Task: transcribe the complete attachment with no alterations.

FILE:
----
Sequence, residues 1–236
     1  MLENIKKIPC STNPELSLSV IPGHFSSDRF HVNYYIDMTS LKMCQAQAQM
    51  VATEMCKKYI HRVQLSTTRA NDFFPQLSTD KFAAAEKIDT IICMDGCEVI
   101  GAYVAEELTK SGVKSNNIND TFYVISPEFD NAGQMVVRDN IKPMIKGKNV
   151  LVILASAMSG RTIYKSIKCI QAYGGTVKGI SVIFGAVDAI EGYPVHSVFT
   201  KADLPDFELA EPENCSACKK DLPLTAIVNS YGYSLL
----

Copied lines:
Sequence, residues 1–236
     1  MLENIKKIPC STNPELSLSV IPGHFSSDRF HVNYYIDMTS LKMCQAQAQM
    51  VATEMCKKYI HRVQLSTTRA NDFFPQLSTD KFAAAEKIDT IICMDGCEVI
   101  GAYVAEELTK SGVKSNNIND TFYVISPEFD NAGQMVVRDN IKPMIKGKNV
   151  LVILASAMSG RTIYKSIKCI QAYGGTVKGI SVIFGAVDAI EGYPVHSVFT
   201  KADLPDFELA EPENCSACKK DLPLTAIVNS YGYSLL